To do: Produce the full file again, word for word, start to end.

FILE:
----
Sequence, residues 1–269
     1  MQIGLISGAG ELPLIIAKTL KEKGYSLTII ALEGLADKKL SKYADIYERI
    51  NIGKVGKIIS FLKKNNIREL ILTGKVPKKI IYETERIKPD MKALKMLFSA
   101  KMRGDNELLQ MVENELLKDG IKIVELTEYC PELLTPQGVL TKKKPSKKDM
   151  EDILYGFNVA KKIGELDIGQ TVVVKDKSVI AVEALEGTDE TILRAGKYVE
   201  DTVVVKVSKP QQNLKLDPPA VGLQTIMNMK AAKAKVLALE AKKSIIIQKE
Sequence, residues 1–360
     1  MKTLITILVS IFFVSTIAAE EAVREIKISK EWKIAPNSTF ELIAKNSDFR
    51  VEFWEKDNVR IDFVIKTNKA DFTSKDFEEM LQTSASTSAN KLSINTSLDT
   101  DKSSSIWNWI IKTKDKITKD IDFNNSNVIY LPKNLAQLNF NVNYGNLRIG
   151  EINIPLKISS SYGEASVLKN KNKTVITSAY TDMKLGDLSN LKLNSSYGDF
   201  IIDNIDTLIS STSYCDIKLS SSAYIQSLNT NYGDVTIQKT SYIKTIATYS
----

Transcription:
Sequence, residues 1–269
     1  MQIGLISGAG ELPLIIAKTL KEKGYSLTII ALEGLADKKL SKYADIYERI
    51  NIGKVGKIIS FLKKNNIREL ILTGKVPKKI IYETERIKPD MKALKMLFSA
   101  KMRGDNELLQ MVENELLKDG IKIVELTEYC PELLTPQGVL TKKKPSKKDM
   151  EDILYGFNVA KKIGELDIGQ TVVVKDKSVI AVEALEGTDE TILRAGKYVE
   201  DTVVVKVSKP QQNLKLDPPA VGLQTIMNMK AAKAKVLALE AKKSIIIQKE
Sequence, residues 1–360
     1  MKTLITILVS IFFVSTIAAE EAVREIKISK EWKIAPNSTF ELIAKNSDFR
    51  VEFWEKDNVR IDFVIKTNKA DFTSKDFEEM LQTSASTSAN KLSINTSLDT
   101  DKSSSIWNWI IKTKDKITKD IDFNNSNVIY LPKNLAQLNF NVNYGNLRIG
   151  EINIPLKISS SYGEASVLKN KNKTVITSAY TDMKLGDLSN LKLNSSYGDF
   201  IIDNIDTLIS STSYCDIKLS SSAYIQSLNT NYGDVTIQKT SYIKTIATYS